I wasn’t in a particularly good mood that evening. I don’t remember what it was exactly, just that being back at my parents’ house was getting to me. I am independent and fully capable of being on my own, but I don’t think they got the memo.
I sat in my room, trying to cool off. I was rummaging through a desk drawer when I stumbled upon an old collection of photos. I shuffled through the pile, until I landed on a nugget. I examined it for minutes. Then I just sat there, smiling.
Before I knew it I had forgotten why I was even bothered at all.
This is not my mom and dad. I am familiar with those characters, but they don’t exist here. This picture tells me a different story.
Instead, I am met with the handsome faces of two wide-eyed adults. Bill and May were madly in love. Their wedding brought them to a backyard pool. I suppose love has led many a fool to sillier places. It doesn’t matter where they are, only that they belong to each other. The bride is beautiful–the groom, proud, and perhaps in quiet disbelief. “She really is mine.” Young, innocent. Their smiles are fixed with unbridled joy. This is the day that will mark another beginning.
Mind you, they had a past. Jie Mei Tong was a brilliant student, at the top of her class. Her father was a doctor, her mother an accountant at the nearby hospital. Man Piu Yan was a headstrong, blue-collar hustler surviving the streets. His father made a living in photography, back when cameras were boxes that stood on wooden legs. They were getting by in life; I suppose they weren’t too different from you and me.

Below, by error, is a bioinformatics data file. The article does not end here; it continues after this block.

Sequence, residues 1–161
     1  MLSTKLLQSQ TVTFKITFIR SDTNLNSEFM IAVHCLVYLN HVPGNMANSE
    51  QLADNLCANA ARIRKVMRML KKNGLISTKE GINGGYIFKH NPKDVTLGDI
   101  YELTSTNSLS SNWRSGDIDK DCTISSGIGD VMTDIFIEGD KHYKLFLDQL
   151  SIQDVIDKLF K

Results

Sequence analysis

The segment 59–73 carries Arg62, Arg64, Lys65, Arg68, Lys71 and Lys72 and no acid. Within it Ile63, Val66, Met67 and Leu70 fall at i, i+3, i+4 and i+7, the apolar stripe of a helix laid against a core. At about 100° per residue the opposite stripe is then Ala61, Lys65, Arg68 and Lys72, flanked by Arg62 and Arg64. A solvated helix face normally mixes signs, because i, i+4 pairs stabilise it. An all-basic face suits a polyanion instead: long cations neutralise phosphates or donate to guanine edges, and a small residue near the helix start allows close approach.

Then the Communists came. They came to oppress them, erase them–turn them into another number. The government sought to take away their right to have a say for themselves. This was the future in Communist China. Become puppets for rice or march to the beat of your own requiem? Slavery was not an option. Freedom wasn’t everything–it was the only thing.
Now it is “Bill” and “May.” Individuals that came from another part of the world, thousands of miles away. Somehow they met, somewhere in the middle, in the divine compromise of the Big Apple. To some, New York is just another dot on a map. But this is where they met and fell in love. To them it means the world.
And now it’s got me thinking. Maybe this is the story I have missed. I am quite familiar with the other story, the one about nagging parents. But this story reminds me that before acting as parents, they were husband and wife. And before living as husband and wife, they were beautiful young adults full of promise and hope. This was their script before Mom and Dad replaced them.
Years would pass and the children grow up. Did my sister and I belittle their love? Are we just two selfish little monsters, as babes demanding their constant attention to now wanting them out of our hair as grown-ups? When I get frustrated or impatient with them, I tell myself to remember their story. We are not perfect, but I hope we have made their sacrifice worth it.
Wrinkles now trace the tracks of their smiles. I wonder how would they react if they saw this picture. Would it speak of irony or of a promise fulfilled? After twenty-seven years and counting, I would like to think the latter.
Maybe I won’t ever understand or appreciate this, living and growing up in America. But if Freedom is the trophy, Love makes for one hell of a consolation prize.
Pictures have the power to speak truth into your life. Sometimes they can even breathe life back into your years, and remind you how precious is the time you’ve been given. In those moments, when you listen close enough, they whisper, not to say that you should be counting your minutes, but to make every one of your minutes count.